At their simplest, dynamic mics have their capsules, which convert sound waves to electrical signals via electromagnetic induction, and an output transformer to step up their signal before the output.
Since there are no components in these microphones that require power, that is why they are known as “passive microphones.”
On the other hand, an active microphone or a condenser microphone contains one or more components that require power to function properly.
Phantom power is used to power the active components of active microphones. Generally speaking, it is used to power the impedance converters and internal preamps of condenser microphones along with other active circuits. It is also used to polarize the capsules of condenser microphones that require external polarization.
Note that not all condenser microphones run on phantom power. DC bias and external power supplies are also common, depending on the type of mic.
How Does Phantom Power Affect The Sound of a Dynamic Mic?
Phantom power will negatively affect the sound of a dynamic microphone. Due to the low-voltage requirements of dynamic microphones, adding phantom power to the channel that they are plugged into will cause a surge, which could potentially generate electrical buzzes and hums that are undesirable in a recording or a live performance.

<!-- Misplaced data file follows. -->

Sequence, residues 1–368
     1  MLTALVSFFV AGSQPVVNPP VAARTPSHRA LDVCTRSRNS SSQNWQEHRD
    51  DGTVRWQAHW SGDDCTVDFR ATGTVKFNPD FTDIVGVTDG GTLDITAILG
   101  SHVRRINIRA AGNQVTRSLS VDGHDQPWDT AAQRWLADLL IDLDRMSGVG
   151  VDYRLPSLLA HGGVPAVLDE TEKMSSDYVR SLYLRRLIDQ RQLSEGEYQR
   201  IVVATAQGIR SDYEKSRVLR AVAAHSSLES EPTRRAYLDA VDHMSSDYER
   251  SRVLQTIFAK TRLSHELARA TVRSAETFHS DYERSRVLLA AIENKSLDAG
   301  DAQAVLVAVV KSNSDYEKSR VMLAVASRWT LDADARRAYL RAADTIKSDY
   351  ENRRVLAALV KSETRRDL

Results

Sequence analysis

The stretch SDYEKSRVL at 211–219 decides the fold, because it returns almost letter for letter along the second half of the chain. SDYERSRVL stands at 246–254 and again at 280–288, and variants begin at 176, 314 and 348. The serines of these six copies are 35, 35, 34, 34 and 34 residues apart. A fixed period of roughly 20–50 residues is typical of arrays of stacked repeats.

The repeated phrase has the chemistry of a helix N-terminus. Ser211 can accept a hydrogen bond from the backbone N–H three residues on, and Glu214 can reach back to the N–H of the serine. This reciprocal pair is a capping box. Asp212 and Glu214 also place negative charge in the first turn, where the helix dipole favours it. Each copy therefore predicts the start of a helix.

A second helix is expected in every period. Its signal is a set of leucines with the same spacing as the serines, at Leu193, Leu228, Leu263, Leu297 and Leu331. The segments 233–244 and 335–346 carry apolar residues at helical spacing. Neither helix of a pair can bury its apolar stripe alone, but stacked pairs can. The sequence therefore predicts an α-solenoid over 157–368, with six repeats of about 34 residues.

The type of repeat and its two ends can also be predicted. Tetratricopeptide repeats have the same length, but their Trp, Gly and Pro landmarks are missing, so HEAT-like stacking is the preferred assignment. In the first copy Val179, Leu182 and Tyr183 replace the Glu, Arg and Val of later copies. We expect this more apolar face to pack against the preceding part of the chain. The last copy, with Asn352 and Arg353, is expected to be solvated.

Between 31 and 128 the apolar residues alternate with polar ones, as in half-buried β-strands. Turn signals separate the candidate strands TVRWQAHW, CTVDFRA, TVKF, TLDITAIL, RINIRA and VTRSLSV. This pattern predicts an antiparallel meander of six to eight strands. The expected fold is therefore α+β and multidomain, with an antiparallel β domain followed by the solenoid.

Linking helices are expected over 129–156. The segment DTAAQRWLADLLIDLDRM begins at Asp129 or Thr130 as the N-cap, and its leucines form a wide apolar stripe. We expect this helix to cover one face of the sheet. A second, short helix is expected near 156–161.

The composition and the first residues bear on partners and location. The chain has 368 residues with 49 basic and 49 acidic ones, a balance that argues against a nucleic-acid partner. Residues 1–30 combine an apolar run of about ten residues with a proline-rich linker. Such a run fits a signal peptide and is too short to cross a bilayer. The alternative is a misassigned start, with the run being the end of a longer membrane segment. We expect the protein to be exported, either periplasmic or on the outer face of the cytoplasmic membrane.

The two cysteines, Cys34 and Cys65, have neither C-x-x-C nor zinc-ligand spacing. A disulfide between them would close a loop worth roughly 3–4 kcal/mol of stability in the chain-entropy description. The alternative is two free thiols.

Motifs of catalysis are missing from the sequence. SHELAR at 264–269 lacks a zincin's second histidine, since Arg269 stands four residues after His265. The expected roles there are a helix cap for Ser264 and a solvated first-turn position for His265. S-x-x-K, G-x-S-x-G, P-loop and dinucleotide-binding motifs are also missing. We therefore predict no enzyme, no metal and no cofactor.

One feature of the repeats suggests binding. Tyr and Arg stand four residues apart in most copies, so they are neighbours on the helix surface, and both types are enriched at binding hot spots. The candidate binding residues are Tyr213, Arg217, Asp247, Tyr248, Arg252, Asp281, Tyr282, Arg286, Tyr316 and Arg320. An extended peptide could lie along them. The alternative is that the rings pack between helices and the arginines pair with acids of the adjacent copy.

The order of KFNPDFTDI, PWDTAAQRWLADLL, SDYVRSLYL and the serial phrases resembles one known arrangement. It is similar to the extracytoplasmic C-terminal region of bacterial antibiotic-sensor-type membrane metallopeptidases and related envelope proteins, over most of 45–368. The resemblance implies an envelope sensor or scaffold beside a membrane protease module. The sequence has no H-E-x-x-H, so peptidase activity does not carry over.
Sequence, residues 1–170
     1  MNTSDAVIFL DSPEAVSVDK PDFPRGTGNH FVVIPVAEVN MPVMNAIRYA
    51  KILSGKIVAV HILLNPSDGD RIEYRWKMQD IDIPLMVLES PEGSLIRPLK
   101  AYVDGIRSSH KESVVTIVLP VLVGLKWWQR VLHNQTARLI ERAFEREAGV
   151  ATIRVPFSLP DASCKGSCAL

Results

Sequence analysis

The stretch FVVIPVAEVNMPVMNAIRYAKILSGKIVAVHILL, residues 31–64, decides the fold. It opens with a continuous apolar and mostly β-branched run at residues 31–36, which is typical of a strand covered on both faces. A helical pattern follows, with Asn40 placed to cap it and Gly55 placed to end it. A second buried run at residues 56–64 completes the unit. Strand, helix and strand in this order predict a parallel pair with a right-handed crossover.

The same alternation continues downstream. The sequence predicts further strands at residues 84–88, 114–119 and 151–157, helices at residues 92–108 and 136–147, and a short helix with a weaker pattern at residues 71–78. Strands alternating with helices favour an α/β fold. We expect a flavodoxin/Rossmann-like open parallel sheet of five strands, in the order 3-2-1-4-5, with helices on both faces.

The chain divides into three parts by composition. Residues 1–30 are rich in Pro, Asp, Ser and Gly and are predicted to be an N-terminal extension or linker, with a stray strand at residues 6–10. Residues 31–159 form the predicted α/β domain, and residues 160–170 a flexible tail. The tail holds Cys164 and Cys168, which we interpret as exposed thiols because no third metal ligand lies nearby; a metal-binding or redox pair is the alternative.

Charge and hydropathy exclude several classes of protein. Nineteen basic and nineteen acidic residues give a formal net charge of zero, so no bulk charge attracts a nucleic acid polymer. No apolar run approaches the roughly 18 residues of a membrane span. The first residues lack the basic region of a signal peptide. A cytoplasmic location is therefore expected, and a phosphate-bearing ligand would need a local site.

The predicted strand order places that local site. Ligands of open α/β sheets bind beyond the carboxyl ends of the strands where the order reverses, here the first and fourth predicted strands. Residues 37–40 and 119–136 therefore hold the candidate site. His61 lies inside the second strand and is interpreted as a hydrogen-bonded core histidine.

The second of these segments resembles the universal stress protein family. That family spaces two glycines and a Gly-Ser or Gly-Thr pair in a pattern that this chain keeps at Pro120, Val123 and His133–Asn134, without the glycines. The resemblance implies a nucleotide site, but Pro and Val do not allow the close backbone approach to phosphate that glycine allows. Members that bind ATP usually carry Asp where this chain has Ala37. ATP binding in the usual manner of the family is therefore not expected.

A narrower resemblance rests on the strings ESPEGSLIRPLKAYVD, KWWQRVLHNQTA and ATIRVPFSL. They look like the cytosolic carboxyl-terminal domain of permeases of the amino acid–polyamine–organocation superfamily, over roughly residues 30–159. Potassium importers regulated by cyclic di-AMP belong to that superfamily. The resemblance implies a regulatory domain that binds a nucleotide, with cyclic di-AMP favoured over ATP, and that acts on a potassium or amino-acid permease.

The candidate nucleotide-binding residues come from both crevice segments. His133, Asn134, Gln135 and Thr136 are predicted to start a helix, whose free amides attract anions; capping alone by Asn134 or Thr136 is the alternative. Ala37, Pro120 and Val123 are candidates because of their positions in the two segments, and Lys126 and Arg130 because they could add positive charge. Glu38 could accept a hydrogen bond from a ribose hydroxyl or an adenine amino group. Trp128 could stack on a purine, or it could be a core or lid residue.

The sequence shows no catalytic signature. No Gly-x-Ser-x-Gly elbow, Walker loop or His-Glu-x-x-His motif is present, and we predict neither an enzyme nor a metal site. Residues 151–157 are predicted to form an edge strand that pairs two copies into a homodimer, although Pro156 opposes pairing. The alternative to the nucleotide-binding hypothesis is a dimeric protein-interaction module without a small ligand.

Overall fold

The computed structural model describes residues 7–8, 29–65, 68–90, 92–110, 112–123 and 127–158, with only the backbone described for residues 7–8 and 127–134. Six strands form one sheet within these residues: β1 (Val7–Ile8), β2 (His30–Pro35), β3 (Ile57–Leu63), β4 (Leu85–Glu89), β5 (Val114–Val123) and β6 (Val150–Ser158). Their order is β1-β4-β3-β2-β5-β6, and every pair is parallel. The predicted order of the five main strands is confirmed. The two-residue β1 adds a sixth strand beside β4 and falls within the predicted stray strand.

Therefore, it’s always best to keep phantom power turned off when using a dynamic microphone.
If you turn phantom power on when a dynamic microphone is plugged in, you will probably experience a sharp popping sound that is sent through the monitors.
This sound is caused by the sudden surge in voltage. To protect your monitors, interface, and other equipment, it’s important to keep phantom power turned off when using a dynamic microphone unless it is required.
Does Phantom Power Increase The Volume Of A Dynamic Mic?
Phantom power simply provides power to the microphones, but it does not increase its volume.
The supply of phantom power to dynamic microphones is likely to create additional noise, but the volume is unlikely to be affected. Likewise, line-level instruments won’t receive an increase in volume when subjected to phantom power and are actually at risk of being damaged by it in some cases.
Moreover, ribbon microphones, which are commonly used to record guitar amps and drum overheads, can be damaged by phantom power. The likelihood of a ribbon mic being damaged by phantom power increases if a cable has been incorrectly wired.
You can minimize the risk of microphones being damaged by the increased surge in voltage of phantom power by making sure that you plug the microphone in before turning on the phantom power.
Also, be careful when using line-level devices, such as instruments, with phantom power turned on. Keyboards or effects pedals may be damaged by the increase in voltage, and phantom power is not designed to interact with these device’s inner circuitry.